Where do/ did you work as a nurse? I'm RCN regional director in the north west of England. In the past I've worked in Jersey and London as student nurse and staff nurse. I also worked at Bolton School of Nursing and Booth Hall Hospital as a student sick children’s nurse. In Newcastle upon Tyne I was a student midwife, sister at the Freeman Hospital and senior lecturer at Northumbria University. I worked for a number of NHS trusts across the north east in both the acute and community care sectors and was also general manager for an Adult Learning Disability service. I spent five years as director of nursing for South Tyneside NHS Primary Care Trust before joining the RCN.
What made you decide to go into nursing? I was always drawn to health care and undertook a range of work experience opportunities in hospitals in London. It was nursing that resonated with me as provided an opportunity to work with people and families in a way that made a difference to their health and well-being that other disciplines did not.
What qualities do you think a nurse needs? To be an effective communicator and be able to engage with people at all levels and cultures. Be brave and bold enough to speak up and stand up for the right thing, even if it means challenging perceived wisdom and power bases. Compassion and empathy is key to understanding what things mean for individuals. A healthy sense of humour is important, as is the ability to reflect on what's going on, what your part in it was and learn from what could be done differently.
What do you think is the role of a nurse? I think nurses should be concerned and actively involved in health promotion, health protection, health service design and evaluation and health care delivery. We need to be doing this at every level and being effective leaders across systems. Nurses advocate for patients by ensuring that the right resources are available at the right time to deliver positive outcomes for people who use all services.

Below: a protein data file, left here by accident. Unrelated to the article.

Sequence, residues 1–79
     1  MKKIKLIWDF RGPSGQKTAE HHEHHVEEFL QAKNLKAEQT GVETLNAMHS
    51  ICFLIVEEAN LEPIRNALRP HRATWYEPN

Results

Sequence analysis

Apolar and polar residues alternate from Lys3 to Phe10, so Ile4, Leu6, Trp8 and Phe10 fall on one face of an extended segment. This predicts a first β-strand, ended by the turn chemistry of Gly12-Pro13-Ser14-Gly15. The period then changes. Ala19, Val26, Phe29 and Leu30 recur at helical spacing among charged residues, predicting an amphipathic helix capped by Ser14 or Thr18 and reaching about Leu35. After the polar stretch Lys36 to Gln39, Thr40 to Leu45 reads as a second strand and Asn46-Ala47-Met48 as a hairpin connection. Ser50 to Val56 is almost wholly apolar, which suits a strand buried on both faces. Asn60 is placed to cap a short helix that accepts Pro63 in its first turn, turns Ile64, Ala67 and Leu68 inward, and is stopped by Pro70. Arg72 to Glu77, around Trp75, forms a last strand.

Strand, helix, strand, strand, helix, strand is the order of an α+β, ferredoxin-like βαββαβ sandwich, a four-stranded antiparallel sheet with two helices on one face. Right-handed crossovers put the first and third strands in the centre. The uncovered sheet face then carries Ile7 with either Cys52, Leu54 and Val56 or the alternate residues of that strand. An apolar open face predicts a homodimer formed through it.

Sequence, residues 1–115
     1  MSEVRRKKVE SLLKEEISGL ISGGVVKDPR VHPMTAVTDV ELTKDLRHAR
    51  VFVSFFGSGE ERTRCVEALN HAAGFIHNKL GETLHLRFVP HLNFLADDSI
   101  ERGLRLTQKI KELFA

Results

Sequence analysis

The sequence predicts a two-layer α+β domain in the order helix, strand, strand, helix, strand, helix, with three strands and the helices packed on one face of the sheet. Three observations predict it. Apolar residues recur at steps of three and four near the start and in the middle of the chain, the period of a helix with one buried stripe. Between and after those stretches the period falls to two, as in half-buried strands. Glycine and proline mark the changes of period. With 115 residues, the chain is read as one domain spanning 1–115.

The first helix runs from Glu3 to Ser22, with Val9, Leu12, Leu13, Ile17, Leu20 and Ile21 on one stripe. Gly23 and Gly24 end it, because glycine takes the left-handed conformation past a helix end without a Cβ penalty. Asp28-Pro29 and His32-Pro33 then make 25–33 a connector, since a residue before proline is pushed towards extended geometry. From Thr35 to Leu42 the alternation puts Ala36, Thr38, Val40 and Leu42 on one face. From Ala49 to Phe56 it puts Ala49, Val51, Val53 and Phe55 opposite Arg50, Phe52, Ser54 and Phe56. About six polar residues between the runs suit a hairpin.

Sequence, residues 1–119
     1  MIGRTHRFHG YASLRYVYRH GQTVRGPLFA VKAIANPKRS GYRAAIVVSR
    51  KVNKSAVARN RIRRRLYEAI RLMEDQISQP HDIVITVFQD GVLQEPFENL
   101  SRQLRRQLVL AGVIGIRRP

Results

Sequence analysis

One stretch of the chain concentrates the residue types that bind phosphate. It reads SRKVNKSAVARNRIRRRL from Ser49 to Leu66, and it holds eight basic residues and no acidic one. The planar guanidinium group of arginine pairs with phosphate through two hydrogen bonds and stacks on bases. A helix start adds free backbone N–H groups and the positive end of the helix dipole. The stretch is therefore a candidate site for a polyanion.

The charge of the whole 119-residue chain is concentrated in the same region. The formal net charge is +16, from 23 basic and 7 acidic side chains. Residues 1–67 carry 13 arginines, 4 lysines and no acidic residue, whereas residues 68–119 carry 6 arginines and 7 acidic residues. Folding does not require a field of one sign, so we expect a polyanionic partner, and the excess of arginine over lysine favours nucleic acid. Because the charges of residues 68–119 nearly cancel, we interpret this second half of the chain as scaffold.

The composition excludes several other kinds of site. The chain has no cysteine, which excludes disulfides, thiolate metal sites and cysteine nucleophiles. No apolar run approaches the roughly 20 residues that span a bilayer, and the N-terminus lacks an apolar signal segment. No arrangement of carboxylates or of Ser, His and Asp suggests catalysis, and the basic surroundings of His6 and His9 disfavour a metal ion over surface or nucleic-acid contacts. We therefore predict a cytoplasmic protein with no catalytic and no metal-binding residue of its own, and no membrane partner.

What is your favourite/most challenging part of your job? I enjoy the variety that my role provides and no two days are the same. It is a delight and illuminating to meet, talk to and work with members. I am increasingly humbled by the extent to which they continue to go the extra mile for the people and families they care for, the innovation they contribute to nursing care. The most challenging surrounds working to influence key people within a financially and workforce challenged system. Keeping up to speed with the rapidly changing policy and service redesign and continually pushing on doors to ensure that the nursing voice is heard and acknowledged. Working with our members and hearing first-hand about the pay cap that continues to bite is increasingly difficult.
Can you describe your working day? In my last patient facing role on a paediatric unit, my day was varied. I would go into the office with a plan to develop a particular piece of work and find that we did not have the right number of sick children’s nurses to provide the level of care that was required. I would don my tabard and work on the ward until the gap was plugged, and this remained my priority. The consequence of that was to work late in order to complete my work and depending on the reason for the gap, I would work to influence the executive team to access additional resources and this was by and large successful. In my current role, I work with system leaders across the region and regularly meet with chief nurses, academics, chief executives, local councillors and others. I am fortunate to be able to engage with a citizens group who work to stimulate change and increase community engagement in health and care.
Why do you think it’s important for nurses to be RCN members? I have been a member of the RCN throughout my professional career, I see the RCN as an organisation that provides a wide range of services to its members and is there to promote the art and value of nursing on behalf the people and communities who rely on nursing care at different stages of their lives. The library is a real asset to nurses as we are all, or should be, engaged in lifelong learning. Members can influence the agenda and we need more to become active. When our member face difficulties in the workplace, the RCN is well positioned to represent them and having our own regulatory and employment lawyers in-house is an added advantage.
What might we not know about nursing but would be interested to hear? There is always something interesting to hear about nursing as the health care agenda and landscape changes every day or so it seems. The level of skill, knowledge and capability within the nursing workforce is what continues to hold together and support people in hospital and communities. We need to liberate the talents of our nursing workforce and sustain their resilience if we are to have a nursing force that is fit for the future. Failure to do so will lead to an ongoing decline in numbers.
Nurses' Day 2017
Friday 12 May is Nurses' Day. Nursing staff are the superheroes of health care. You're there when needed most, changing lives with your unique set of skills. We want to say thank you! #nurseheroes